Here's the truck in pre-assembly state with the Dynacorn body and sheetmetal bits on the F
For years us guys at CLASSIC TRUCKS' sister magazine STREET RODDER have built just about everything under the sun, from roadsters to coupes to sedans to phaetons, hell we've even built a school bus (see STREET RODDER August '93), but classic trucks never seemed to get the same amount of attention. A good part of that could be due to the fact that we share offices with CLASSIC TRUCKS and didn't think it appropriate to step on any toes.
But as we mentioned last month, there isn't a genuine, dyed-in-the-wool hot rodder out there who couldn't benefit from having a cool truck at their disposal. And it should go without saying that if you were to ask a hot rodder what kind of pickup they'd like to have, the answer would not be a lifted Toyota Tacoma. No, we're thinking it'd be something more akin to an early '50s pickup with the perfect lowered stance and a nice set of wheels. Adorn the door with a graphic declaring the shop name (be it real or imagined), and you've got yourself one helluva neat little parts hauler. Bolt on a pushbar for the dry lake or dragstrip and all of a sudden you just added a sport factor to the utilitarian vehicle for a most traditional SUV!
We'll be using stainless fasteners from Doc's Kustom throughout the truck build. We opted
Last month, we ran through the basics of the Advance Design-era pickups and what we had in store for our very own project. This month, we're jumping right in, following along as the crew at Hot Rod's by Dean begins sorting out the bed parts from Mar-K, from basic assembly of the panels to form the actual structure to installing a bed wood kit. We'll cover installing their aluminum bedstrips with hidden fasteners as well as a Chevs of the 40's fuel filler concealment kit that allows you to hide the fuel filler neck under the bed. A Mar-K smooth tailgate will also get installed and we'll point out a couple of features that they've incorporated into that design that alleviates the need for those pesky tailgate chains. So stay tuned as our Project Shop Truck gets underway!
A few notes on wood finishes
When it comes to finishing the bed wood, there are two important reasons as to why: to protect it and to decorate it. Lacking finish, the wood will discolor and deteriorate quickly when exposed to sunlight and adverse weather conditions. Alternatively, if a quality finish is applied and maintained, the wood will remain in great shape indefinitely. What finish to use really comes down to personal preference, and what kind of climate the truck is going to spend the majority of its days in, but regardless it should be either an oil finish, satin, or glossy varnish, or paint. Paint will prevent damage from sunlight and weather and will protect the wood from mechanical damage (scratches and dents). Spar varnish with "ultraviolet inhibitors" will also build up a protective film to protect the wood and the natural wood grain will show through. An oil finish for outdoor use is easy to apply and has a pleasing "fine furniture" appearance but does not protect from mechanical or moisture damage and must be refinished frequently.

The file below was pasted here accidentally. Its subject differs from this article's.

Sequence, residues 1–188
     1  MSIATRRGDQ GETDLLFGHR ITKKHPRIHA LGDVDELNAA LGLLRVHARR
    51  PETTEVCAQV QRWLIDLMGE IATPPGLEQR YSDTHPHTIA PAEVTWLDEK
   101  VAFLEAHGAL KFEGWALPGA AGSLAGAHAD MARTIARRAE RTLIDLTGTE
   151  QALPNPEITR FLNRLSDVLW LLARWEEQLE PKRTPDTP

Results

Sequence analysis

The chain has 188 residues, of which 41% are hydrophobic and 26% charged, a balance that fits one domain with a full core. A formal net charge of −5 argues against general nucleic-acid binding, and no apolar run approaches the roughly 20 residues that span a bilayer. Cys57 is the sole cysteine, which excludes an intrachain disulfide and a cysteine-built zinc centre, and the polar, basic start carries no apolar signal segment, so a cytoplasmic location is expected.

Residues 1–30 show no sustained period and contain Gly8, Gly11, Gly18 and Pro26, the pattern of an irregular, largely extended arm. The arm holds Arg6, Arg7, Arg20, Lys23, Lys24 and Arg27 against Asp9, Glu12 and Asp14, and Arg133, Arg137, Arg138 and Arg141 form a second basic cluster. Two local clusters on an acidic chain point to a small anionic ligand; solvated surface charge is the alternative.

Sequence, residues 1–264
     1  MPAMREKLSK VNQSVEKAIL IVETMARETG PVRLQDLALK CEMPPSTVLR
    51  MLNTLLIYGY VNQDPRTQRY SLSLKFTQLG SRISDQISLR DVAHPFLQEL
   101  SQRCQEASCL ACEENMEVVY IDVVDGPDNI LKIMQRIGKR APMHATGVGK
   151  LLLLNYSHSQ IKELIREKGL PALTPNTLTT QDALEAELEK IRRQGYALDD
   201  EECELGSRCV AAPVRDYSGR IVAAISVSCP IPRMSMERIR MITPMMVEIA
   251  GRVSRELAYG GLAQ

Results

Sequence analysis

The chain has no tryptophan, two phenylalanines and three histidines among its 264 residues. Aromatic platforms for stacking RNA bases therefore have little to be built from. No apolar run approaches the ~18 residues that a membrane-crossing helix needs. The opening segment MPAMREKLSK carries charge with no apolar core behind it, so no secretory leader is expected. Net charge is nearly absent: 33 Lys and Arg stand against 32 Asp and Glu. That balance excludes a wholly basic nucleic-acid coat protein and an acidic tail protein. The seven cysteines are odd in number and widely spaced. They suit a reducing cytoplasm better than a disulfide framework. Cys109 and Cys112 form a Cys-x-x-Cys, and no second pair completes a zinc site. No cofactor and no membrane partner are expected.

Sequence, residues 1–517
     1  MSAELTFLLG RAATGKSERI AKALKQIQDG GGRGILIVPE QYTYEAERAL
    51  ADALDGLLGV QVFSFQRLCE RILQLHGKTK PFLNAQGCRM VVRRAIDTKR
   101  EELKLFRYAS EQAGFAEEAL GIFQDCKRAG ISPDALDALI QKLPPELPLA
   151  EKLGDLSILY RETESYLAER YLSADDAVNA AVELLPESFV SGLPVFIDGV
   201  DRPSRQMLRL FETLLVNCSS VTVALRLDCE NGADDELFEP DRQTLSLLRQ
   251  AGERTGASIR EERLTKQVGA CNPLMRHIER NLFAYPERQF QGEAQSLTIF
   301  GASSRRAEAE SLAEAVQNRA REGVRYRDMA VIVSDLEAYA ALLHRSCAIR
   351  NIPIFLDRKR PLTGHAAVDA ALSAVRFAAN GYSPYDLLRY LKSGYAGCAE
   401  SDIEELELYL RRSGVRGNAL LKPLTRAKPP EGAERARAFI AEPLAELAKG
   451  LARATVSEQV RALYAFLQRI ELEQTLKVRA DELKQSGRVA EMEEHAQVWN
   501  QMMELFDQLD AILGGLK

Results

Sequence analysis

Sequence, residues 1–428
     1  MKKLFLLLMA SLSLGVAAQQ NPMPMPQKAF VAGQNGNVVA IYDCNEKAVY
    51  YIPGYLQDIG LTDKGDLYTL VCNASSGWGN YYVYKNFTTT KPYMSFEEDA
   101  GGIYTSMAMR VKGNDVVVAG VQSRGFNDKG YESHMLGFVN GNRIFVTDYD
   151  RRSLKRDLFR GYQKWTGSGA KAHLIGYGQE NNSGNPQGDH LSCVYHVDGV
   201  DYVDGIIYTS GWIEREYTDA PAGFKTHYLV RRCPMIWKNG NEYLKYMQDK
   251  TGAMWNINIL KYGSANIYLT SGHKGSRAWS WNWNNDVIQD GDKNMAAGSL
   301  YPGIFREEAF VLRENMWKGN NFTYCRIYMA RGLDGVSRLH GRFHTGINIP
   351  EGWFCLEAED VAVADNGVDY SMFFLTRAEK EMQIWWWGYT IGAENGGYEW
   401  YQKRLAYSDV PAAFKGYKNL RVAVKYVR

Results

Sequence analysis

The first step in assembling the bed is to attach the front bed panel to each side panel.
How to square up your bed once assembled
Once the four sections of the bed are assembled, you need to make sure the bed is square. The first thing to do is to make sure the bedsides at the rear are square to the rear sill and that the complete bed is sitting on a level surface. If one side is leaning inward and the other side leaning outward a like amount, the dimensions will be the same both top and bottom, but the bed will not measure square. You can check that with a carpenter square. Sometimes it helps to install the tailgate to keep the sides vertical during the assembly. That way they cannot shift very far if you have to loosen the rear sill mounting bolts and they can be adjusted back to square after the bed is on the truck.
If your bed is still out of square half-inch or less, it should be readily shifted to square by loosening all the bolts that are holding it together and pushing the long dimension to make it smaller, and the small dimension will get larger a like amount. It may require holding it in the square position while a helper tightens all the bolts. If you are holding it square when you tighten the bolts, it may still move slightly when you release it. A bed is slightly flexible before it is on the frame and before the wood is installed and tightened. When you install the wood and bedstrips, be sure to again hold it square while tightening all the bedstrip bolts. The truck frame will keep it square when you install it on your truck.
The front cross sill is next.
It fits between the bedsides, under the angle strip, and attaches to the front bed panel.
The rear cross sill will bring the three sides together to form the bed. This cross sill i
Here's the finished bed assembly in basic form with the front and rear cross sill attached
Wood blocks and rubber pads are placed on the chassis in anticipation of the bed installat
A bed-to-frame carriage bolt from our Doc's Kustom kit holds the front assembly in place-w